U.S. Immigration and Migration: Almanac, 1st Edition

  • Published By:
  • ISBN-10: 0787677329
  • ISBN-13: 9780787677329
  • DDC: 304.8
  • Shipping Weight: 4.95 lbs ( 2.25 kgs)
  • 685 Pages | Print | Hardcover
  • © 2004 | Published



The Human Genome Diversity Project tells us that between 15,000 and 30,000 years ago people from Mongolia crossed Beringia to what we now call the Americas. U.S. Immigration and Migration chronicles and interprets the phenomenal waves of immigration to the United States from the earliest times through the period from 1820 to 1930, when the United States was the destination of some 60% of the world's immigrants -- up to the present day, when restrictive policies have temporarily stanched the flow of immigrants.

Features include 150 black-and-white photographs, including about 10 maps; chronology; sidebars; words to know; research and activity ideas; further reading; and a subject index. The Almanac volumes tell of the economic, religious and political forces that compelled people to seek a better life in a new land. These same forces later inspired the migration of many Americans to other areas in mass movements such as the Westward Expansion; the rural to urban migration; the Great Migration of blacks in the early part of the 20th century; and the migration to the Sunbelt starting in the 1960s.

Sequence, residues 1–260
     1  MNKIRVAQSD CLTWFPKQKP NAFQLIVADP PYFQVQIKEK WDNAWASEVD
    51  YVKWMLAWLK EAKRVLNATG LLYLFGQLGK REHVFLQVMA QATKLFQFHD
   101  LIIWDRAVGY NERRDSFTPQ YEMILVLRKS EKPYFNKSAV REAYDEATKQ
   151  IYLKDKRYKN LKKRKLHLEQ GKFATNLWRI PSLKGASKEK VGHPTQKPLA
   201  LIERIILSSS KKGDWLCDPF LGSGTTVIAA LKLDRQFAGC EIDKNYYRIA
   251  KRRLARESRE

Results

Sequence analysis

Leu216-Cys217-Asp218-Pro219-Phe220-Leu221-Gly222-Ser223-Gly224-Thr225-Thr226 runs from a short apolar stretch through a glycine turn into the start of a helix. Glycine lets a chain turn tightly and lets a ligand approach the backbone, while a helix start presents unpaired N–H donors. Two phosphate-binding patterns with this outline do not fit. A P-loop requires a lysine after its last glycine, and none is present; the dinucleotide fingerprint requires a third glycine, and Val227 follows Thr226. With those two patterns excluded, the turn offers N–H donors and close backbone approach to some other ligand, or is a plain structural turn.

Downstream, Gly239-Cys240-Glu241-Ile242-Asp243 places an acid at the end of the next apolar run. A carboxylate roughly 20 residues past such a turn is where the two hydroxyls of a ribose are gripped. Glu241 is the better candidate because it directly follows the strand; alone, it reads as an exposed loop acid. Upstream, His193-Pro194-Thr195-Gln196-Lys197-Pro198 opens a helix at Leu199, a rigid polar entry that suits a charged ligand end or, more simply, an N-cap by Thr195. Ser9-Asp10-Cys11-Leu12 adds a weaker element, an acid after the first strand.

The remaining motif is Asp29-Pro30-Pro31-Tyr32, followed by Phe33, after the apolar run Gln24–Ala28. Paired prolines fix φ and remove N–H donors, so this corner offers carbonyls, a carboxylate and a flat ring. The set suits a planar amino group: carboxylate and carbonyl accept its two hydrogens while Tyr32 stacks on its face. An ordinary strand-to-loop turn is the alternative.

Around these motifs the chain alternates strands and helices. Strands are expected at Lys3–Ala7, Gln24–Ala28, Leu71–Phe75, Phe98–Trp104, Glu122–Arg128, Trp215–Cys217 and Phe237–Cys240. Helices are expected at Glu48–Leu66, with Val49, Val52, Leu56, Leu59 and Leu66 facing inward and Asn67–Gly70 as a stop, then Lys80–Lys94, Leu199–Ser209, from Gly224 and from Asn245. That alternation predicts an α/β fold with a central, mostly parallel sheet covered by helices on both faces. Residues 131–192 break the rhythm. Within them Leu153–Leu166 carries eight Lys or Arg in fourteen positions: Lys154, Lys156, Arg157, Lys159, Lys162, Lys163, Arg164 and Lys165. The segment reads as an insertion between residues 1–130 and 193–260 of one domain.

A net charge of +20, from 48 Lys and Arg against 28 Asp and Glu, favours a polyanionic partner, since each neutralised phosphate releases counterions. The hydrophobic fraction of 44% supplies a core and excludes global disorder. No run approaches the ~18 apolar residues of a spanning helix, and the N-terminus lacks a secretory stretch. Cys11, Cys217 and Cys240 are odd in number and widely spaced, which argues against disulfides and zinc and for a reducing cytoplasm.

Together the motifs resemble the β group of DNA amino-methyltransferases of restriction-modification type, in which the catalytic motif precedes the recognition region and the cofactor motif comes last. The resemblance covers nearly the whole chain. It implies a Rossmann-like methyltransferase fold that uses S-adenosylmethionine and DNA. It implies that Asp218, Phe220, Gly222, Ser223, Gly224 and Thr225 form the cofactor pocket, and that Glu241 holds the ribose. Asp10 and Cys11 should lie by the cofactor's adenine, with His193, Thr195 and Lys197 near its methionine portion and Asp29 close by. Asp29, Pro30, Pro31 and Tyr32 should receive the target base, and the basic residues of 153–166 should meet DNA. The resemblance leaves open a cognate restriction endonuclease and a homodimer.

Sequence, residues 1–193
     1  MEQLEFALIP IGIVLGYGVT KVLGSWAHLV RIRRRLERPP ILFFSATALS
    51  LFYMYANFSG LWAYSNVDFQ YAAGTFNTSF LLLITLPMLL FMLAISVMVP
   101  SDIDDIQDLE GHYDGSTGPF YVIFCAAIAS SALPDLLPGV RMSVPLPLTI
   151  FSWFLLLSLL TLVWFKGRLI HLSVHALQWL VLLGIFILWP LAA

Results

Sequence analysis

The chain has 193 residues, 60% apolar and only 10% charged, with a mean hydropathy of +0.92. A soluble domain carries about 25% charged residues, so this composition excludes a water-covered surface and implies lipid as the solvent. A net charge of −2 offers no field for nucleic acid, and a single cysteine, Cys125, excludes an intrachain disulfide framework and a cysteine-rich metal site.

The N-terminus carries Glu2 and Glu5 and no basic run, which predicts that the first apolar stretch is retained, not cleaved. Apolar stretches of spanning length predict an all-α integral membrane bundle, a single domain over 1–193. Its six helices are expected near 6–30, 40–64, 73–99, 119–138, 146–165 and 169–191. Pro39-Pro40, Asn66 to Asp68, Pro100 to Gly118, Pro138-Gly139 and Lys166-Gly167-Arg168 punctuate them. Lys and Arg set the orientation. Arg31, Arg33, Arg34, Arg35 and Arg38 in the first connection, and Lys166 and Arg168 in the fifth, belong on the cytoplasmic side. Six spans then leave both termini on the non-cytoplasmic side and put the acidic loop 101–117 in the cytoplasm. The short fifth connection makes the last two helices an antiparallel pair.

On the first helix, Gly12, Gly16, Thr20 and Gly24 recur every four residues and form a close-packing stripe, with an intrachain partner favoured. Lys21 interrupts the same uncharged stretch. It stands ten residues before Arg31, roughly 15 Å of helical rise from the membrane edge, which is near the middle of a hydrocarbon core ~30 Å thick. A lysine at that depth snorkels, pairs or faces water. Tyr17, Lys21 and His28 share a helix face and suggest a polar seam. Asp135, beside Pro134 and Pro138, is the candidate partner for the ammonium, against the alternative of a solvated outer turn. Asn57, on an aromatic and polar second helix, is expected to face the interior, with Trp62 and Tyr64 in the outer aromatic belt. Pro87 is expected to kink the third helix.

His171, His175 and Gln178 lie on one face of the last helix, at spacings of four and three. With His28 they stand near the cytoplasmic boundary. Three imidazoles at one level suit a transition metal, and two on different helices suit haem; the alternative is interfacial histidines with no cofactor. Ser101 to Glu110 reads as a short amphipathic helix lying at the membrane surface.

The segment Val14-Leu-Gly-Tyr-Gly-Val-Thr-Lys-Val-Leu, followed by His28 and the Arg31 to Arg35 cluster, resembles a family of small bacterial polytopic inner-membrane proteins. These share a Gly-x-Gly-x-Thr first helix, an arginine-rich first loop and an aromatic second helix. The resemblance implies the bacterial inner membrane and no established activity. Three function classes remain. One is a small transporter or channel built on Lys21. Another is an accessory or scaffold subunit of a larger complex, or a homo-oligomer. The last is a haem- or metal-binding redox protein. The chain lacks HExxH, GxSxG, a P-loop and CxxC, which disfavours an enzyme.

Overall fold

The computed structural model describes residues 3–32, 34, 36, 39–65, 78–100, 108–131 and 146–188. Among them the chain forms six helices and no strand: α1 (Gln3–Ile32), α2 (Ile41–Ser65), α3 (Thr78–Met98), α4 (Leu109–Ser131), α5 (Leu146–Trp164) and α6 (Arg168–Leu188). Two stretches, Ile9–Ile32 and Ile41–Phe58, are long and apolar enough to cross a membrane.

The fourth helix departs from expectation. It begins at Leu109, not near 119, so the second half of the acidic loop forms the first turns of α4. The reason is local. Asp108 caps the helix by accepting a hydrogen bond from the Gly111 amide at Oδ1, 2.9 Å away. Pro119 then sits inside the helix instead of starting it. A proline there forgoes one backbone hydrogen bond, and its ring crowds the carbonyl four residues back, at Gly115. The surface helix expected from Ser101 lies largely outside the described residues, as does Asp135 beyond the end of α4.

"The Almanac volumes give a comprehensive overview of the groups of people who have immigrated to the United States from various nations, as well as the people who migrated within the United States to unexplored areas or to newly industrialized cities. The Almanac includes a very good glossary as well as an area with research and activity ideas that would be useful to teachers to incorporate into their classes." -- Catholic Library World (March 2005)

— Catholic Library World

"These excellent reference texts provide information on the American Immigrant experience from the earliest times to the significant periods from 1820 to 1930 to today when immigrants to this country find more obstacles to attaining citizenship. The information is historic and timely including references to 9/11 and beyond. Also included are discussions as to why the immigrants came to America, how they assimilated, and information regarding significant contributions of immigrants to American society." --Pennsylvania School Librarians Associations, May 2006

— Pennsylvania School Librarians Association